World Trade Centre Residence taking shape after demolition

After a high profile demolition in April this year, the last traces of Dubai’s World Trade Centre Hotel have now been removed. Construction Week reports on the progress of the site as it begins its transformation into a modern luxury residential development.

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By  Colin Foreman Published  July 16, 2005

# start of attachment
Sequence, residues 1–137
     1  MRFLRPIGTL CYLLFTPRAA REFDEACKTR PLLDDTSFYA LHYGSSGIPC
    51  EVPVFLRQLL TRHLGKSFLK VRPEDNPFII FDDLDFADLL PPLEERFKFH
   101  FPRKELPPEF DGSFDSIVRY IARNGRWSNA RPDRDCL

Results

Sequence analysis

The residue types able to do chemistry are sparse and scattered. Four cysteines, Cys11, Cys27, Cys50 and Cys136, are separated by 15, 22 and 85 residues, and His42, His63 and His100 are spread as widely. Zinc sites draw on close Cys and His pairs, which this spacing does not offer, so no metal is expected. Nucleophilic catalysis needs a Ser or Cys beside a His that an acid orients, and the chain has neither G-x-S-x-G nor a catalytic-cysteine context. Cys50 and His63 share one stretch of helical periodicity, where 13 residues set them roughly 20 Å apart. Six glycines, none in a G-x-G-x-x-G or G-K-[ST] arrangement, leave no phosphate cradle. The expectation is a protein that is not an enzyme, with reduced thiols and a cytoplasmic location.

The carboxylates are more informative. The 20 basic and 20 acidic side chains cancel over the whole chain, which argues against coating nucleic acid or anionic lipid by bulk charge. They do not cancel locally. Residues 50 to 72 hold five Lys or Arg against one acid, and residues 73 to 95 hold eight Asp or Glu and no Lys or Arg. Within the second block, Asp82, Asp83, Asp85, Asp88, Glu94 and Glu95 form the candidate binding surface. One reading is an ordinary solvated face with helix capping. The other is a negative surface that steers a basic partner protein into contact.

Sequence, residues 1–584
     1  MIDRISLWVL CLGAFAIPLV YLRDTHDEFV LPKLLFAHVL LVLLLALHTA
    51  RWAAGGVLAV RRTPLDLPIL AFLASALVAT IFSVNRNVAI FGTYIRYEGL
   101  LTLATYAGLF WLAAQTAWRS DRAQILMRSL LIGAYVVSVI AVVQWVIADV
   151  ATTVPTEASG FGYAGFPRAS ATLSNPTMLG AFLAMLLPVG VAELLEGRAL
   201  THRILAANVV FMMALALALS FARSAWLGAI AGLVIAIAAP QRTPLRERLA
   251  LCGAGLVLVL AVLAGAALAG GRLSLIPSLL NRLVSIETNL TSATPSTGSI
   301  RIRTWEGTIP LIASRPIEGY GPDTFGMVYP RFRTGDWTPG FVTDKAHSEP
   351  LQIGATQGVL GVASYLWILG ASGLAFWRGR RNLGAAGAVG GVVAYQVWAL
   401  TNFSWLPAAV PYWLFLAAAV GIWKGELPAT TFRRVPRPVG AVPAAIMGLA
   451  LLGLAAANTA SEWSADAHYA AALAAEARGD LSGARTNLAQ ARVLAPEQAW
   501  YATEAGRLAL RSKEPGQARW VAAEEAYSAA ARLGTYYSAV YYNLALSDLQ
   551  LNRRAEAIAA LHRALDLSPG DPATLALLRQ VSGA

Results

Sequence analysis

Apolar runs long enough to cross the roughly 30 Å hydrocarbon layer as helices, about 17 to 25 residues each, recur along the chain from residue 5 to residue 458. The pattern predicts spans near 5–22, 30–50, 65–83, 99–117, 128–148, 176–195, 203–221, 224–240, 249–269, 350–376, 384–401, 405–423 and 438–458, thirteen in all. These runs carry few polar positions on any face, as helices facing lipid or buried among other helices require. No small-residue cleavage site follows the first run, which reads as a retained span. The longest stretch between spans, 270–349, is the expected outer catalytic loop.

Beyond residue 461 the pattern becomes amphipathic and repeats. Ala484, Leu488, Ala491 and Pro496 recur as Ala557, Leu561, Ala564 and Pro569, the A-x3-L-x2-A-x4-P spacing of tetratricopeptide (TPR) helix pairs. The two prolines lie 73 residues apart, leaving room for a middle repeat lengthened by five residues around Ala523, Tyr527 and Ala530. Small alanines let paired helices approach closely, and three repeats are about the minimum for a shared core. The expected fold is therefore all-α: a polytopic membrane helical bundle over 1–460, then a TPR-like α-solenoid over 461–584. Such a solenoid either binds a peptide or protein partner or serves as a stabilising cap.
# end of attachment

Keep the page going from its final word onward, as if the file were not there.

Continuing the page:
World Trade Centre Residence taking shape after demolition|~|WTC-Residences200.jpg|~|Once the clear-up was completed, the site was left just below ground level to enable the pile caps to be removed. |~|After 200 kg of explosives demolished Dubai’s World Trade Centre on 1st April, around 48 000 m3 of rubble had to be removed from the site — and quickly. Controlled Demolitions, working round the clock with local sub contractor Al Rashid, managed to complete the clearance operation in just over a month. “In just 33 days, 2400 truck loads of rubble, each truck containing 20 m3, were removed, accounting for the demolished sub-surface foundations, pile caps, and the foundations for elevators and stair towers,” says Roger Softly, project manager, Turner Construction International. Tracked excavators, breakers and wheel loaders were all deployed on the job to break up material and load it onto the awaiting trucks. Any salvageable material, such as steel, was removed by separate salvage crews. The work was scheduled so that breaking and sorting occurred during the night and trucks moved the material out during the day. Even though it is a very central site in what can be one of the busiest areas of Dubai, the removal of material progressed well with little interruption. “It really went very smoothly,” says Softly. “Sometimes more than 100 trucks were filled in one day — it was basically non-stop ,” he adds. The material was taken to a Dubai Municipality-approved tip. Once the clear up operation was complete, the site was left a little below ground level. “The site is about 2 m above sea level, so they left the site about 0.5 m above sea level because the pile caps had to be removed,” explains Softly. During the clear-up, the construction managers, Turner Construction International, sent the contract for the dewatering, excavation, removal of existing piles, shoring works and piling works out for tender. Swissboring was the successful contractor and began these works on 28th May, and is currently installing the dewatering wells. The excavation has gone down to a working platform depth of minus 2 m. The excavation is for the two basement levels, which will provide parking for the new residential towers. The piling work will be completed by August, allowing work on the superstructure to begin in September. The excavation will be dug down to two levels, because the building raft varies in thickness. The raft will be 2 m thick underneath the towers, and 600 mm thick beneath the podium. Upon completion of its contract, Swissboring will leave the dewatering installation in place and the superstructure contractor will come in and begin work on the main development. These works will start with the casting of the raft, and once the basement is waterproofed it can be backfilled and the retention system can be distressed. By early September the superstructure is expected to rise from the site. “We should see the structure of the World Trade Centre Residence visibly taking shape as early as mid-September, and the building frame should be clearly visible above ground level in October.” The tenders for these works are currently out to contractors after the pre-qualification process was completed in the first week of June. “We expect to make an award so that work can commence in early September,” says Softly. Other contracts in the tender process are the MEP package, which will be awarded at about the same time as the superstructure contract, as well as the contracts to supply the elevators and cladding. The latter two are out to tender early because of the long lead times involved when procuring these products. The cladding is likely to be a unitised system so that it can be installed more quickly. Designed by Jung Brannen and Associations Inc. from Boston, the two buildings abut each other in an L-shaped configuration. The two towers share four levels, two basement levels and a lower and upper ground floor. The final heights of the towers will differ with one reaching 30 storeys and the other 40 storeys. Managed by Jumeirah International the buildings will have a range of facilities, including a landscaped roof top and terrace, a fully equipped gym and health club, and swimming pool. The rooftop will be home to the World Trade Centre Residence Club. To meet increasing demand for residential units on Sheikh Zayed road, the number of apartments available was recently increased from 350 to 378. ||**||

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